Manuel Noriega, the former Panamanian notorious dictator known as ‘CIA’s man in Panama who spied for the United State before his drug trafficking ties led to his ouster in 1989 in what was then the largest American military action since the Vietnam War, has died, at the age of 83.
President Juan Carlos Varela of Panama announced Mr. Noriega’s death on Twitter early Tuesday morning.
Mr. Varela’s post read, “The death of Manuel A. Noriega closes a chapter in our history; his daughters and his relatives deserve to bury him in peace.”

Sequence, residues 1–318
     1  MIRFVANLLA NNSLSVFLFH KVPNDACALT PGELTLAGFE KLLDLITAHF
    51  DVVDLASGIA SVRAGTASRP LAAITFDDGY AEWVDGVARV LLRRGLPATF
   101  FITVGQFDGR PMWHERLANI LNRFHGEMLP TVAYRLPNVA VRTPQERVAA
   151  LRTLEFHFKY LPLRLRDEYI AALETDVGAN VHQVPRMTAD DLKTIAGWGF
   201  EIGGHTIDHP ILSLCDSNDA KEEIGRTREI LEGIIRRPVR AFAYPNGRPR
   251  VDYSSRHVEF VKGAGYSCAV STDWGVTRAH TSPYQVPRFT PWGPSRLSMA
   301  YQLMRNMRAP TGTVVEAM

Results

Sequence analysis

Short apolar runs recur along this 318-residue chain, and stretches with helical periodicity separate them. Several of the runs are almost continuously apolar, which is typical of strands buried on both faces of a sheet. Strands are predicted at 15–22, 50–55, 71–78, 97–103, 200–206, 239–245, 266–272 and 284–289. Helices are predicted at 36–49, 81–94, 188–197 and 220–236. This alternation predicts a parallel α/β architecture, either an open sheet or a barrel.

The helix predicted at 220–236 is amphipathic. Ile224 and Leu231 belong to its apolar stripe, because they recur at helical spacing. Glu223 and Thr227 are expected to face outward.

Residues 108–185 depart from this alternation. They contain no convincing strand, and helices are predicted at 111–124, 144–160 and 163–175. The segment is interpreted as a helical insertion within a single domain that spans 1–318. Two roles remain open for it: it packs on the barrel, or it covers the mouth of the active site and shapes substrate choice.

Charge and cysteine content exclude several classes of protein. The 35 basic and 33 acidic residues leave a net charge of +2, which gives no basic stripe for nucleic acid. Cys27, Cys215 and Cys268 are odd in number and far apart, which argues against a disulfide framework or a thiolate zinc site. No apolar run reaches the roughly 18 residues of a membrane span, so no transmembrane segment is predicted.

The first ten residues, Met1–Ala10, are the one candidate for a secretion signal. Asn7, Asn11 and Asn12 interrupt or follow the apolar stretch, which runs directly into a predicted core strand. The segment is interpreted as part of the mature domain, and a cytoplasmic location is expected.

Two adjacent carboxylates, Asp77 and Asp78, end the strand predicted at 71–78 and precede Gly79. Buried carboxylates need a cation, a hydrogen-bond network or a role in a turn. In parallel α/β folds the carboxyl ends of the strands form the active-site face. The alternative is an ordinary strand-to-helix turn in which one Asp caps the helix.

According to a government official who spoke on condition of anonymity said that Mr. Noriega who had been put into an induced coma in March after undergoing brain surgery died around 11 p.m. Monday at Santo Tomás Hospital in Panama City.
Noriega ruled Panama from 1983 to 1989, spying for the CIA before the US invaded in his repressive regime in 1989, ending a drug-trafficking career that associated him with the Colombian kingpin Pablo Escobar.